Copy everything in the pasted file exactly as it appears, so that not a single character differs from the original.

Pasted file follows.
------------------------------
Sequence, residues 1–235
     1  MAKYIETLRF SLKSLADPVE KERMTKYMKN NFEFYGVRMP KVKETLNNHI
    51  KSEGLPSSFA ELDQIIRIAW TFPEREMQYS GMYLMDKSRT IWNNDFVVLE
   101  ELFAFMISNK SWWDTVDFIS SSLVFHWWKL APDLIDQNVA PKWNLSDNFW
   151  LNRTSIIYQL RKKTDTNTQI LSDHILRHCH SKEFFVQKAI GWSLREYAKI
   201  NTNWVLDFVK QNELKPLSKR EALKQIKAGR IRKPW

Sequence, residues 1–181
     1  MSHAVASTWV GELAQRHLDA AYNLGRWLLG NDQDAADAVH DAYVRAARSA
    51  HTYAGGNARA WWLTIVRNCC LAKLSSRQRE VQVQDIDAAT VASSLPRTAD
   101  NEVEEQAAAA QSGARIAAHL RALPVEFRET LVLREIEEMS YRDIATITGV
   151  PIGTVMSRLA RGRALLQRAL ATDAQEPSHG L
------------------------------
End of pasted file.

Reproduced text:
Sequence, residues 1–235
     1  MAKYIETLRF SLKSLADPVE KERMTKYMKN NFEFYGVRMP KVKETLNNHI
    51  KSEGLPSSFA ELDQIIRIAW TFPEREMQYS GMYLMDKSRT IWNNDFVVLE
   101  ELFAFMISNK SWWDTVDFIS SSLVFHWWKL APDLIDQNVA PKWNLSDNFW
   151  LNRTSIIYQL RKKTDTNTQI LSDHILRHCH SKEFFVQKAI GWSLREYAKI
   201  NTNWVLDFVK QNELKPLSKR EALKQIKAGR IRKPW

Sequence, residues 1–181
     1  MSHAVASTWV GELAQRHLDA AYNLGRWLLG NDQDAADAVH DAYVRAARSA
    51  HTYAGGNARA WWLTIVRNCC LAKLSSRQRE VQVQDIDAAT VASSLPRTAD
   101  NEVEEQAAAA QSGARIAAHL RALPVEFRET LVLREIEEMS YRDIATITGV
   151  PIGTVMSRLA RGRALLQRAL ATDAQEPSHG L